Debt Finance in Accounting

Debt is that part of your business finance which is made by way of loans and borrowings, it is usually secured on business assets and sometimes personal assets of the owner.

The debt is provided by a lender and your business is called the borrower. The debt will be subject to lending criteria which need to be satisfied before the loan is provided.

Debt finance is normally evidenced by a note or document which specifies the amount, interest rate, and date of repayment. Failure to make repayments on debts can result in penalties or ultimately winding up proceedings against the business.

Short Term Debt

Short term debts are repayable in less than one year and are included as part of current liabilities in the balance sheet. They include short term bank loans and overdrafts.

debt finance in accounting

Long Term Debts

Long term debts are repayable in more than one year and are included as part of long term liabilities in the balance sheet. Long term debt finance normally falls within one of two categories, bank loans or mortgages which are long term loans used to purchase property.

Types of Debt

There are different types of business finance available including:

Fixed Rate

Fixed rate debt has a fixed interest rate throughout the term of the loan.

Fixed Installment

Fixed installment debt has fixed amount, scheduled repayments made throughout the term of the loan.


Secured debt is as the name implies secured on the assets of the business and on occasions on the personal assets of the owner. A mortgage is a particular type of secured loan which is used to purchase property.

Variable Rate

Variable rate debts have an interest rate which changes throughout the term of the loan and is usually set in relation to an underlying bank rate such as Base rate or LIBOR (London Inter Bank Offered Rate).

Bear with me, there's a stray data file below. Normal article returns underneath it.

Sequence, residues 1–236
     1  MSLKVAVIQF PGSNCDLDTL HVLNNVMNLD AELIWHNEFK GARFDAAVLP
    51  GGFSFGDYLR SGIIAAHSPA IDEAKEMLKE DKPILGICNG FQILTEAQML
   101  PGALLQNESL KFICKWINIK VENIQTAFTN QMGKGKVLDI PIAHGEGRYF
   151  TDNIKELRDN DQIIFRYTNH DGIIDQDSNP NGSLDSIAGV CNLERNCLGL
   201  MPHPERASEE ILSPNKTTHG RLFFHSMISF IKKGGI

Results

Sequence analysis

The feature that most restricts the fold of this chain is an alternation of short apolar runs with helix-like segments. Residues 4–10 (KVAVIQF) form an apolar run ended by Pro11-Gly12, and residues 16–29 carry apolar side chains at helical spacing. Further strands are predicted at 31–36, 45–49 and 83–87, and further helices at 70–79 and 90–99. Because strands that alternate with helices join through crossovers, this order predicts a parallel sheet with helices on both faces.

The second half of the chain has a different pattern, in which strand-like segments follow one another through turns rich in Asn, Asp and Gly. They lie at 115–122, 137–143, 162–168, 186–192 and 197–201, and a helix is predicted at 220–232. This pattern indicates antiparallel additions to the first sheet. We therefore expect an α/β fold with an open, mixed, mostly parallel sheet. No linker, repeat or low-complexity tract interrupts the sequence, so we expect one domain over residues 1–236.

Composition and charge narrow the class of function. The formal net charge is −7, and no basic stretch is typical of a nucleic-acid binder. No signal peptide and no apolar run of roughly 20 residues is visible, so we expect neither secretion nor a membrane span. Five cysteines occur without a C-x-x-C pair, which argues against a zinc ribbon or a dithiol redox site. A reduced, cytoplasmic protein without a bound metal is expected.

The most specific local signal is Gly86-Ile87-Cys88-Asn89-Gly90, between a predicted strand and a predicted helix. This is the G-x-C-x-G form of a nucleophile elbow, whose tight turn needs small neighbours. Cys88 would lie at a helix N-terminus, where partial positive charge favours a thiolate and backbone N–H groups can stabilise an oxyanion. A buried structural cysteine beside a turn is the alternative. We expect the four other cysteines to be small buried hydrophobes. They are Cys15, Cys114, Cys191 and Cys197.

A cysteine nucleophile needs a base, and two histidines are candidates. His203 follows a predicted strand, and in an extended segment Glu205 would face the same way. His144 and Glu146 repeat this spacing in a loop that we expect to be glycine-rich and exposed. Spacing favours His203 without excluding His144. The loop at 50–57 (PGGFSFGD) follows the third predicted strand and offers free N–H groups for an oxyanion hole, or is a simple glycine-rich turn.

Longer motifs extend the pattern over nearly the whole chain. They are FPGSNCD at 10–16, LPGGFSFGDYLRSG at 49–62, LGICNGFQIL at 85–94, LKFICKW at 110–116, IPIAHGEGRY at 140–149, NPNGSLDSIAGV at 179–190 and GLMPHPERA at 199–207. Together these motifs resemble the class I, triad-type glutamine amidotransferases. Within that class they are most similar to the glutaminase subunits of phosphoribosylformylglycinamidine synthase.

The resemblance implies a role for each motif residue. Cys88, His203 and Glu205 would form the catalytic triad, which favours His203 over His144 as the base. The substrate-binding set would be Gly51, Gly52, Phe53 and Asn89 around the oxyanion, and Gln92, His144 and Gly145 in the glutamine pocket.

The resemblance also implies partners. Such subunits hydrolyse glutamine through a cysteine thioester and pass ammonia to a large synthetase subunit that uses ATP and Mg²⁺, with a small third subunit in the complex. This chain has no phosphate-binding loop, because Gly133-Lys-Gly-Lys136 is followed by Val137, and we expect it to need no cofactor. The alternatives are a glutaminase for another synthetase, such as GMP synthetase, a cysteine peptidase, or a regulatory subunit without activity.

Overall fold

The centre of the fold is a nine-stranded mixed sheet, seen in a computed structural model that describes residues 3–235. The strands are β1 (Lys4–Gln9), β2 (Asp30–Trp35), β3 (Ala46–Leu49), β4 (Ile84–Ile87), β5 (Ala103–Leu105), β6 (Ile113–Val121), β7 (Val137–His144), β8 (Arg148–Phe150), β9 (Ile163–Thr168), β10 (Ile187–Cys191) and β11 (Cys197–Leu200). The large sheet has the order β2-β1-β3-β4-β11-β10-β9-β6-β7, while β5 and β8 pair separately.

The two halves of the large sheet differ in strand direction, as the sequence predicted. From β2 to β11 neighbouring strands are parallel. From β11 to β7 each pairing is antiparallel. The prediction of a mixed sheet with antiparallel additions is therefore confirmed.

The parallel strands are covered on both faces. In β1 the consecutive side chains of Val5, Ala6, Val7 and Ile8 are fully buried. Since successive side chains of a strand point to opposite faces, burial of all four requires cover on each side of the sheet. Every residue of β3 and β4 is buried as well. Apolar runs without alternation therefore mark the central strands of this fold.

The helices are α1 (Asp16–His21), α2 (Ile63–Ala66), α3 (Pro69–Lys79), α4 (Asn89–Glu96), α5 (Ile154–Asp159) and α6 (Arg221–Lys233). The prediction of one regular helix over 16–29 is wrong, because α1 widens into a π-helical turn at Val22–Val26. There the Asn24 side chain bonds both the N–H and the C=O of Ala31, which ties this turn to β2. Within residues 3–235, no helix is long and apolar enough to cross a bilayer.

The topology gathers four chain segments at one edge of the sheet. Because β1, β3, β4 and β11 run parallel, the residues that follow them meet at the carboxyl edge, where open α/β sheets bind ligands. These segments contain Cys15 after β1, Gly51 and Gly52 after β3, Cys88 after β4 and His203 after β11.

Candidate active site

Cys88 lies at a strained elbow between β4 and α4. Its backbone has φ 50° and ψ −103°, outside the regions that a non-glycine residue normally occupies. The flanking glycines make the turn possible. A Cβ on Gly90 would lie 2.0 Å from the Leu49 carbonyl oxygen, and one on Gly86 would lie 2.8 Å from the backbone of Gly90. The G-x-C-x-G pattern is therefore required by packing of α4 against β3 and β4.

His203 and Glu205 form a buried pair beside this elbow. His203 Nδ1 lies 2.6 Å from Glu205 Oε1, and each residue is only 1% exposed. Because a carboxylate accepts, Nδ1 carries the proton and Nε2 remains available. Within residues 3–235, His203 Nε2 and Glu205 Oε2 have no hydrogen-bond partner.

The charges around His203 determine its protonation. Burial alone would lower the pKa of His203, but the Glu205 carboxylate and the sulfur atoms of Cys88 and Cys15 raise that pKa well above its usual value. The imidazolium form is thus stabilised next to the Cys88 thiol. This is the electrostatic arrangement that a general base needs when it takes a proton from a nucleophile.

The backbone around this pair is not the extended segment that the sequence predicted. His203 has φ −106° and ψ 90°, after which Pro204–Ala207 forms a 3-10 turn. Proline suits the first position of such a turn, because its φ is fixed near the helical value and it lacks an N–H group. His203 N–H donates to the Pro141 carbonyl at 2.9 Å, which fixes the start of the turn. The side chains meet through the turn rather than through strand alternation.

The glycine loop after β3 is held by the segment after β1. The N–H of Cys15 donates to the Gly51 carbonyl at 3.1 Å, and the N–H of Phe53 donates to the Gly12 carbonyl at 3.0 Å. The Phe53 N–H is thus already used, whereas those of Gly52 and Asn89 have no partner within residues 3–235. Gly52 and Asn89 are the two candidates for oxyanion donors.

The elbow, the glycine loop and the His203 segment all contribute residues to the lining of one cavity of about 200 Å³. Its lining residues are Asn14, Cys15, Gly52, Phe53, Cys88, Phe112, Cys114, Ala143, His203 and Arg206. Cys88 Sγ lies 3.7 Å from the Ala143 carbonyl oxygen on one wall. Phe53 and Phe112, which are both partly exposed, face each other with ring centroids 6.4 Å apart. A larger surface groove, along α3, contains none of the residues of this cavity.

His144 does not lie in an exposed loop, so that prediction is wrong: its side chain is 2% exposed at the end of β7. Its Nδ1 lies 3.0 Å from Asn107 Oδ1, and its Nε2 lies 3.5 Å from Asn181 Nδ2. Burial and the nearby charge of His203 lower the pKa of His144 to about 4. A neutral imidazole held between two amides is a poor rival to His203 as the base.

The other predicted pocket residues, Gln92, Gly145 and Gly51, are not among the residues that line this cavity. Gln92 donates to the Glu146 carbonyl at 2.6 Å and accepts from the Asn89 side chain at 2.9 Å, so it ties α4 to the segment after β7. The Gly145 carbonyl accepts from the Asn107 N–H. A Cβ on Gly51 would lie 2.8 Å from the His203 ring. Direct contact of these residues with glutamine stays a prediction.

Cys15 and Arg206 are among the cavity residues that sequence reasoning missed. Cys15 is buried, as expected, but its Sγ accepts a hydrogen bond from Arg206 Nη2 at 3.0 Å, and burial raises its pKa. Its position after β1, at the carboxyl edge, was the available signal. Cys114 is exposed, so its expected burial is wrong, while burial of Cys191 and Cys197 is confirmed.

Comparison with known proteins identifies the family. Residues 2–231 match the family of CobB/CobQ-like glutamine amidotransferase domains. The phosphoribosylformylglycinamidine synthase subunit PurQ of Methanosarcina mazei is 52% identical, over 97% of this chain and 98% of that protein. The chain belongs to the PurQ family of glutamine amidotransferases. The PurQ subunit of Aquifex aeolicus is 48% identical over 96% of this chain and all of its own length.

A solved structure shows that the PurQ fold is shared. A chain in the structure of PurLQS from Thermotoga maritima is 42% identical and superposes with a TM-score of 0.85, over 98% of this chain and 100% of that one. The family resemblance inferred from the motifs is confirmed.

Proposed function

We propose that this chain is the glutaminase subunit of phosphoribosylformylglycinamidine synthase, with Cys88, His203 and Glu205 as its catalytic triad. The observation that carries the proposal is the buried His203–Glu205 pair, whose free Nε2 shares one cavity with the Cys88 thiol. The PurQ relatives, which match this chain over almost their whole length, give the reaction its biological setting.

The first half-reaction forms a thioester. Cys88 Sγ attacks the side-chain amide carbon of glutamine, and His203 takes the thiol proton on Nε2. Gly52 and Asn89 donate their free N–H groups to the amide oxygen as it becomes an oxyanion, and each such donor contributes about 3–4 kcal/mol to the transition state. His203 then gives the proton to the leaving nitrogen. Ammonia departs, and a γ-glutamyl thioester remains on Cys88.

Unsecured debts do not require any security and includes such items as credit cards and occasionally bank overdrafts.


Convertible debts are loans which can be changed from one type to another during the term of the loan.

How do you Record Debts?

Debts are recorded in the General Ledger.

If for example, a business obtains a loan from a lender of 10,000, and the amount is paid into the business current account at the bank, the journal entry to record the loan arrangment would be.

Loan Journal
Account Debit Credit
Bank Current Account 10,000
Loan 10,000
Total 10,000 10,000

This reflects the cash being received into the bank account, and the liability of the business to the lender under the terms of the loan agreement.

Debt Service

Debt service is a term given to mean the amount of principal and interest a business pays on a loan. Debt service is normally referred to on an annual basis but can be for any period.

As an example of how to calculate debt service, suppose a business has a loan of 120,000 repaid over 10 years in equal installments at an interest rate of 6%, then the principal and interest repayments for each year would be 16,304. The business would say that it’s debt service is 16,304.

The ability of a business to service its debt is estimated by comparing cash flow with its required debt repayments.

Last modified January 14th, 2020 by Michael Brown

About the Author

Chartered accountant Michael Brown is the founder and CEO of Double Entry Bookkeeping. He has worked as an accountant and consultant for more than 25 years and has built financial models for all types of industries. He has been the CFO or controller of both small and medium sized companies and has run small businesses of his own. He has been a manager and an auditor with Deloitte, a big 4 accountancy firm, and holds a degree from Loughborough University.

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